By default, there's a garbage collector (GC) that runs every 12 hours that checks if plancache files on disk are older than what's defined in the disk_plan_expiration_minutes variable. As long as these cache files are not being used, then the GC will delete them.
How large can the plan cache files grow?
Sometimes it happens that there are more plancache files being generated than what can be deleted. This leads to a gradual growth of the data/plancache directory to a point that it can consume several hundred GB per node.
Can I delete the plan cache files?
Yes and no. You can manually delete them but, to avoid any potential issues, you should stop the node before you delete the files. The procedure to delete these files is:
1. Stop the node
2. Delete the files in plancache
3. Start the node
4. Repeat for the remaining nodes
As this involves stopping a node, it should be done only in clusters with High Availability or during a maintenance window otherwise.
What can I do to deal with the plan cache disk usage growth?
The variable disk_plan_expiration_minutes it's the key here. By default is set to expire plan cache files every 14 days (20160 minutes). If you see that these files are taking too much space, you may want to consider lowering the value. If it's an emergency and you're close to run out of disk, you can temporarily set it to 0. This means that the GC will always run and it will delete any plan cache files that are not loaded into memory. Make sure also that enable_disk_plan_expiration is set to ON, otherwise, it will not even try to run! For more details refer to this article.
What is it?
The tracelog is where the engine writes all its diagnostic messages, being those messages either INFO, WARNING, ERROR, or FAILURE. It is located in the tracelogs directory with the file name
memsql.log. When the server is started, it opens this file in append mode and begins to log messages.
How large can the tracelog file grow?
If you don't implement a log rotation policy, this file can keep growing until the limits of the disk or the O/S. So, it is important to regularly rotate the file
You can rotate the log by moving the
memsql.log file and then sending
SIGHUP to the memsqld process. This will trigger the server to reopen
memsql.log and continue writing.
Can I delete the tracelog files?
Yes, you can delete the file. But make sure you send a
kill -SIGHUPto the memsqld process. Also, keep in mind that these files can be very useful to understand the cause of specific issues so it's a good idea to keep a copy of it somewhere, even if it's outside of the cluster.
What can I do to deal with tracelog disk usage growth?
The best practice is to implement a log rotation policy. This policy can rotate based on the timestamp (e.g. every 7 days) or based on size (e.g. every 100MB). Given that these are text files, you may want to compress them after rotation which will achieve a very high compression ratio, freeing up disk space. To learn more about how to use logrotate visit this page.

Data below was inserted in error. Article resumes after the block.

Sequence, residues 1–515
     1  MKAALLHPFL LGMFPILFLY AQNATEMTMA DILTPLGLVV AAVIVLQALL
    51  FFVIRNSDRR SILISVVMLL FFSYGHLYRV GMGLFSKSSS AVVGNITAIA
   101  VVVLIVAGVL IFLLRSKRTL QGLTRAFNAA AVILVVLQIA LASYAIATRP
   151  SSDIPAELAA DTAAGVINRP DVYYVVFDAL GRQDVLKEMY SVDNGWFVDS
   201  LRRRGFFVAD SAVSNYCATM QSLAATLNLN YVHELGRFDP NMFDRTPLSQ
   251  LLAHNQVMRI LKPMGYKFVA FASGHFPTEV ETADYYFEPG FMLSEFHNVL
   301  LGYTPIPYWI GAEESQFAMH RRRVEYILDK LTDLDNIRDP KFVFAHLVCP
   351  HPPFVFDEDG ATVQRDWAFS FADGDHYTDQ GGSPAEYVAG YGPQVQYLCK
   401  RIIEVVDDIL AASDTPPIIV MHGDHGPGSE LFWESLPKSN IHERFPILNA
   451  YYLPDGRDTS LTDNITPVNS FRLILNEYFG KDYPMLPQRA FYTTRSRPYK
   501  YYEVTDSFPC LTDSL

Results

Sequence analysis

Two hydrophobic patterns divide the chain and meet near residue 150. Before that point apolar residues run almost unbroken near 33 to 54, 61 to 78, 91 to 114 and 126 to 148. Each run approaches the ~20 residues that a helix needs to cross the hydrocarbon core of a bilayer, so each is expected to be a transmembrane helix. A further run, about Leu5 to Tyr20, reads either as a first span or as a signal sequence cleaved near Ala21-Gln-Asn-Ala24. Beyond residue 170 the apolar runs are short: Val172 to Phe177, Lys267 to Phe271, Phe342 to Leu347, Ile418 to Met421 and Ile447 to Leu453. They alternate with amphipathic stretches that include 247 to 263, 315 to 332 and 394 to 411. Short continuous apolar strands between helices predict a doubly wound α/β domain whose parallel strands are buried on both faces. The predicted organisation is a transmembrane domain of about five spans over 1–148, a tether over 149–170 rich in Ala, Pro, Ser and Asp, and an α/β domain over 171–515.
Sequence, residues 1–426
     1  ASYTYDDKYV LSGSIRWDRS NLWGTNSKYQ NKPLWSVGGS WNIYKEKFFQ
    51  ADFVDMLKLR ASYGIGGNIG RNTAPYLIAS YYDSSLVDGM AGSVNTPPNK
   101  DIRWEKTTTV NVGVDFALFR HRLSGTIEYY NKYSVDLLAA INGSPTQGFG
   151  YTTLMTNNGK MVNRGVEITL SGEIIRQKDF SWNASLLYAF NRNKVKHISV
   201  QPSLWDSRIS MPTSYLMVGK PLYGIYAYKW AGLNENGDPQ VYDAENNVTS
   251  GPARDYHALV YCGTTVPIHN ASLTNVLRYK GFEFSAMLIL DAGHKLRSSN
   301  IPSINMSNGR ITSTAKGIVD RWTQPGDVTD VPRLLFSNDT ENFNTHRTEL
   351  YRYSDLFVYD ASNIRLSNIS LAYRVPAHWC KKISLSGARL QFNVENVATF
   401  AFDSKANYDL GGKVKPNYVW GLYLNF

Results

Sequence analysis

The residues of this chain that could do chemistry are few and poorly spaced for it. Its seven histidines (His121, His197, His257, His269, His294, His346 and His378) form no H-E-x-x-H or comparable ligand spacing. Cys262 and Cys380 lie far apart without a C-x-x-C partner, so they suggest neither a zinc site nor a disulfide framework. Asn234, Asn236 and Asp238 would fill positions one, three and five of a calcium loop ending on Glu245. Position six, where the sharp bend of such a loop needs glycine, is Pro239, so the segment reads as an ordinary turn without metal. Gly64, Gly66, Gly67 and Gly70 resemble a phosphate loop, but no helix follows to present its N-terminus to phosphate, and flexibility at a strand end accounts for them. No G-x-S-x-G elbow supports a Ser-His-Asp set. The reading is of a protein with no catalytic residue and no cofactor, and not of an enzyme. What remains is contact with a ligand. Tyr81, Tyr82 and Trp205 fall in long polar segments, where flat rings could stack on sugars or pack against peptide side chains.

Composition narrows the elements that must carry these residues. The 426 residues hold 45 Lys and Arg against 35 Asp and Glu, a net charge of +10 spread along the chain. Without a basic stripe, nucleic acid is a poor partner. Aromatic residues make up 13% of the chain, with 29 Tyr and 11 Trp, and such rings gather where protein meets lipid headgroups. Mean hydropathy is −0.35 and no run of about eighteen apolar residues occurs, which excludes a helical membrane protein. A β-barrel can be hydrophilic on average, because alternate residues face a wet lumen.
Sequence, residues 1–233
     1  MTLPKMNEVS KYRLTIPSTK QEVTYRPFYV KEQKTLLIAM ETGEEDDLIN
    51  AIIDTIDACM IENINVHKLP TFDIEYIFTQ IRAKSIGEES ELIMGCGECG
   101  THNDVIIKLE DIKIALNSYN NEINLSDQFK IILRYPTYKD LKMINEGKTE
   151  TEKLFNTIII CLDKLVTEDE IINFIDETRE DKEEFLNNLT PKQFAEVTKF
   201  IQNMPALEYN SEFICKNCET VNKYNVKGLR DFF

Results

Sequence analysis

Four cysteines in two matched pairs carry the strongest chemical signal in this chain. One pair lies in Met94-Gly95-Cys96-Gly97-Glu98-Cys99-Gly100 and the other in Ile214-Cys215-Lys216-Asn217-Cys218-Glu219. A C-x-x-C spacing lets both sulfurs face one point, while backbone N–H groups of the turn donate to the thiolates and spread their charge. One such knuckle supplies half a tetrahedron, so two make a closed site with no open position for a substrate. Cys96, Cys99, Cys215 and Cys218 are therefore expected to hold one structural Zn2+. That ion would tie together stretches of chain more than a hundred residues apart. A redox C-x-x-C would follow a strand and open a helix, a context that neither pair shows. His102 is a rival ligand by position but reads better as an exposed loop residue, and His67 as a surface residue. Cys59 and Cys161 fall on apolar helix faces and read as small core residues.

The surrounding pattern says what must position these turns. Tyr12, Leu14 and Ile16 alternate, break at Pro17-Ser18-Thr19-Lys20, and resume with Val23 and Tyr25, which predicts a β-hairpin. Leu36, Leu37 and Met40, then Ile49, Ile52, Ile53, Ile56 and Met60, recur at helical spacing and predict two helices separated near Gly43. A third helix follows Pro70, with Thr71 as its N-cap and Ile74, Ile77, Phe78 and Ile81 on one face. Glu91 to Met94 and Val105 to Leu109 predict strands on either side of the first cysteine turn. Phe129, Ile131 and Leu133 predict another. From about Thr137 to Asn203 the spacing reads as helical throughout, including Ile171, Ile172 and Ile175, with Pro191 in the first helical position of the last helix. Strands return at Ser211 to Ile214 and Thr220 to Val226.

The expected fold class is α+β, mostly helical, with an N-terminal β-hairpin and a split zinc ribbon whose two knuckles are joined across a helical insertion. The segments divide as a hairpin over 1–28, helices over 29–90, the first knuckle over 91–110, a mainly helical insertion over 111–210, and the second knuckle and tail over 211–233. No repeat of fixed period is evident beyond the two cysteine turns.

You may enable certain features that will create also big files. For example, both AUDIT LOGS and QUERY LOGS can generate large files over time. To deal will that, use the same recommendations as for Tracelogs and implement a log rotation policy with compression.
What is it?
Core files are an important debugging resource. They contain a copy of what was loaded in memory, process, threads, calls, etc, that capture the status of a system at a given time. There are two situations that can lead to the generation of a core file:
1. Error/Bug: when there's some unhandled exception in the code or a low-level illegal operation is being attempted, such as writing to an invalid memory address.
2. On-demand: sometimes, to diagnose an issue, a support engineer can ask you to generate a core dump.
If the core is generated automatically, it can happen that multiple core dump files accumulate over time. These can be as large as the memory in use by the process that generated it. If we ask you to generate a core dump, it's normal also that we'll say you can delete it, once it's uploaded for us to analyze.
Usually, core dumps will have the format core.<pid> where <pid> it's the process number that caused the core dump. Your system might have core dumps generated by the memsqld process which will normally be in the node's data directory or core files from other processes.
You can scan your filesystem to locate core files with the command below:
find / -name "core.*" -type f 2>&- | grep -E "core\.[[:digit:]]+$"
Can I delete the core files?
Unless it's a recent file, usually it's fine to delete these files. Recent files might be important to diagnose a specific issue. In particular, if those files are recent and are in a Singlestore node folder, you should reach out to Singlestore Support for advice.